This poem came out of the January 3, 2012 Poetry Fishbowl. It was inspired by prompts from aldersprig (women being evil to each other) and DW user Serpentine (the dark lord as a woman). It has been sponsored by the_vulture.
"Sisters in Venom" is probably the harshest poem that I wrote in this fishbowl session. In addition to prompts, it draws on antebellum American history. While not based on an individual incident, it is something that played out in many plantation households. I read about this conflict pattern both in history and in feminism. If you choose to discuss it, please try to be respectful of other people's beliefs and feelings; this is controversial territory.
WARNING: This poem contains racist and sexist language, vicious behavior, domestic violence, and ugly history. Sensitive viewers may prefer to read something else.
He is her husband, but he don't love her.
She knows what he does with that nigger wench.
Here in the Big House, she may be Mistress,
but everybody laughs at a wife who can't keep her husband at home.
She takes a switch to that black girl's hide every chance she gets.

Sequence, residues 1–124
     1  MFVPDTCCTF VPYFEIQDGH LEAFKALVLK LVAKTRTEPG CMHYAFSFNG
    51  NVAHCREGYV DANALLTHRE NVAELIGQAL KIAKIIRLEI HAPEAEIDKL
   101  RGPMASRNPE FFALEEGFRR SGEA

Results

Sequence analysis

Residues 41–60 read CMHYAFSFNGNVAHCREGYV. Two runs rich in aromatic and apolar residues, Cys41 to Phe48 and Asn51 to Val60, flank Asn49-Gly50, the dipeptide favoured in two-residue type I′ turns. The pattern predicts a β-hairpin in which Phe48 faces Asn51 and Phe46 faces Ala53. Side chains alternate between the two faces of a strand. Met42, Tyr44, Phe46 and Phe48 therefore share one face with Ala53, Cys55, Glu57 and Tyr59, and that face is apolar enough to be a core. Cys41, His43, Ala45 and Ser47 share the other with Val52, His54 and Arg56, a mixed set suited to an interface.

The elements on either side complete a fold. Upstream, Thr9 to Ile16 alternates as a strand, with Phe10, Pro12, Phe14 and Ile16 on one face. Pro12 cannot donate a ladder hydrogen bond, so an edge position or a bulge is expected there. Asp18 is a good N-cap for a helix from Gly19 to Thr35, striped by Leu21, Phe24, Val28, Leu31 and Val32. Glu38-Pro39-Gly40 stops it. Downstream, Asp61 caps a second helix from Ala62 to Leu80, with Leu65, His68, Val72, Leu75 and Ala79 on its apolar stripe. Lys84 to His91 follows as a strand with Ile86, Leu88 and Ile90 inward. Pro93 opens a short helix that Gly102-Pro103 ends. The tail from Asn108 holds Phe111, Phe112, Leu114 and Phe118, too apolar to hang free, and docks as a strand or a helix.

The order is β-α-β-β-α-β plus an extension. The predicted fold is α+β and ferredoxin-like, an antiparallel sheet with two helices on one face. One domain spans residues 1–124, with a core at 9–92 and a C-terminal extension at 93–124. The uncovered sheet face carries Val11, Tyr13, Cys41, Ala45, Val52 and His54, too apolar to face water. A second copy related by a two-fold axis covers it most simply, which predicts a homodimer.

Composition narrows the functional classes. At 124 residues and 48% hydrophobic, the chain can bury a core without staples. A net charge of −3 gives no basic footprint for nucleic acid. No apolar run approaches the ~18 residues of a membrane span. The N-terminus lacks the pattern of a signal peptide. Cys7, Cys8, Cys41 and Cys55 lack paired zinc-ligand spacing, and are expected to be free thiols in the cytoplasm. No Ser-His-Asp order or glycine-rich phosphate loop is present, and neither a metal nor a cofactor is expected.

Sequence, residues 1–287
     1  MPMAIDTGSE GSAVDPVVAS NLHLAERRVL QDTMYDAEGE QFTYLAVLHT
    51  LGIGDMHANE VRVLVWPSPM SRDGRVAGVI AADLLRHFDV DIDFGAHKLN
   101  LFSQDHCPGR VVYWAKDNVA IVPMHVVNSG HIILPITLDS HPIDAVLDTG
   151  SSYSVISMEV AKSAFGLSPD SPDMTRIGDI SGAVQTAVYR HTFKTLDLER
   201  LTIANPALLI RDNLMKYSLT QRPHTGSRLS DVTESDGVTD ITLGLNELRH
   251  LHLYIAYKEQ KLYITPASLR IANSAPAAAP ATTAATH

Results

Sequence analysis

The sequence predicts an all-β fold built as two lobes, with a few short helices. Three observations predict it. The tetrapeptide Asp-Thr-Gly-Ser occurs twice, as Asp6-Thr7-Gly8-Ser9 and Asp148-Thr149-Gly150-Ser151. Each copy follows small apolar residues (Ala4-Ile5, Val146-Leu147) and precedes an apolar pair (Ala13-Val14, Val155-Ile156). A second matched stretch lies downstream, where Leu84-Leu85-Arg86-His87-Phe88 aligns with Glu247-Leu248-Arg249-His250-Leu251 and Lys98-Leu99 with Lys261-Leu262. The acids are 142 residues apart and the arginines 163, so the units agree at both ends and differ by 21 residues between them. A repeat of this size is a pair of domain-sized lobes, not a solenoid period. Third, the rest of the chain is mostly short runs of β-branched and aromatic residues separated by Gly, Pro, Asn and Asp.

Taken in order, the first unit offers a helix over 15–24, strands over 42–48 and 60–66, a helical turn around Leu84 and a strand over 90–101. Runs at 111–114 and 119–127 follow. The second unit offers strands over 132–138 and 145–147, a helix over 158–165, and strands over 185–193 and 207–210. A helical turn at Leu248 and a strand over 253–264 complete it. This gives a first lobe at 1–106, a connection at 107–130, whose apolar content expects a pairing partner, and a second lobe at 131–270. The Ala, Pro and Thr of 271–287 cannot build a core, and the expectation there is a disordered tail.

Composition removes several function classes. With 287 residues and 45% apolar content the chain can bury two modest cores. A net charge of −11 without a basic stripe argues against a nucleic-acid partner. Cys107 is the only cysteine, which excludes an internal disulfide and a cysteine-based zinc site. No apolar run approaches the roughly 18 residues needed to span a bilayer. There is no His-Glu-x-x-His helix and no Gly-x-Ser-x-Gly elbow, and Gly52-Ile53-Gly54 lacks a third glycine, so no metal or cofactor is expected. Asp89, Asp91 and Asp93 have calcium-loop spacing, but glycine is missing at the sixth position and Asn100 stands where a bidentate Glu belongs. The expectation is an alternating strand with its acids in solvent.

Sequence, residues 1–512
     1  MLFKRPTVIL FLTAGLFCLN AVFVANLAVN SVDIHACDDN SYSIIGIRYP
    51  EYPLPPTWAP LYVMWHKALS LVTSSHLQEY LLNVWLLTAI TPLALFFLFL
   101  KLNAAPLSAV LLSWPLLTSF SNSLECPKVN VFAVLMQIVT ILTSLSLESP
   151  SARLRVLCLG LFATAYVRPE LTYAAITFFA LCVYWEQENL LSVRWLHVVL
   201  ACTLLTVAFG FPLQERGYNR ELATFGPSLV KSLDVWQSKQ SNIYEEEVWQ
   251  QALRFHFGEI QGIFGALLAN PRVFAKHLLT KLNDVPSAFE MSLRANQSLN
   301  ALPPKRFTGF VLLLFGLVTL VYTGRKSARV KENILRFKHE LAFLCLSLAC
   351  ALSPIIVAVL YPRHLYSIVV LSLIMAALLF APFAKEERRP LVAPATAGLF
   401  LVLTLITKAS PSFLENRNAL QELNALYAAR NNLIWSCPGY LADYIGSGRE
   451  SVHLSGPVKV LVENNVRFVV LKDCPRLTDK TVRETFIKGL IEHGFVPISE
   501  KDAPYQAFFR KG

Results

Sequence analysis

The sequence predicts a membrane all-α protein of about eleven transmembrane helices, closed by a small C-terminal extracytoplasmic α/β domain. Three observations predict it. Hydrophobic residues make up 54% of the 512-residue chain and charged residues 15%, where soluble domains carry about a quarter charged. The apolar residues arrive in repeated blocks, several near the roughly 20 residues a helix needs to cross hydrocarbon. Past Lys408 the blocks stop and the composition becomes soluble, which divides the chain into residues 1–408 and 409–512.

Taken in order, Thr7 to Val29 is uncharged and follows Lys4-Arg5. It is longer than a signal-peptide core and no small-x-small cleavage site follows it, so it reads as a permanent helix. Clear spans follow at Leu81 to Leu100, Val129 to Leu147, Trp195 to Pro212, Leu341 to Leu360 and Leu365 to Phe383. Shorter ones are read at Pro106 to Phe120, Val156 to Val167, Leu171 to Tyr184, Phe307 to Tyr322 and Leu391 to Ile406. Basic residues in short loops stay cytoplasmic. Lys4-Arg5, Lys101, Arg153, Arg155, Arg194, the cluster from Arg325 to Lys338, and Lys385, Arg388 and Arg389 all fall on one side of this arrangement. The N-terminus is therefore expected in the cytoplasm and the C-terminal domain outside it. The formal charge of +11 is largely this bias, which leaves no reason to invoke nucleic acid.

He is her owner, but he don't love her.
She knows how he smacks his bitch of a wife
and she ain't fooled by his honeyed words of freedom;
she swivels her hips at him anyhow when she sees Mistress watching.
She hides bent nails under the floorboards of the Big House.
These two women hate each other with their whole hearts,
for all it was him who started the war.
They sow thistles and reap thorns
with every word they say.
They lick razor blades
and smile at each other through the blood.
They are sisters in venom only.
At night, he tosses and turns, wondering
why he can't sleep a wink in either of their beds.
* * *
Notes & Resources
Slaves often put curses on cruel owners, and evidence of this has turned up in archaeological excavations of slave cabins and plantation houses. The bent nails are one such example, often placed under a bed to cause nightmares. "Plantations ... Are They Haunted?" touches on some of the mystical traditions and beliefs about slaves cursing their owners. There is a lot of Christian sermonizing toward the end, but the earlier overview of the topic is pretty straightforward.
"Mistresses and Slaves" looks at both positive and negative interactions between white and black women.
"Gender, Sex and Slavery" is a class discussion resource summarizing different beliefs and actions relating to racism and sexism in antebellum America.
For the best understanding of the experience of slavery and what it did both to black and to white people, I recommend American Slave Narratives and other first-hand accounts such as Narrative of the Life of Frederick Douglass and the writings of Harriet Tubman. Abolitionist writings are also worth a look.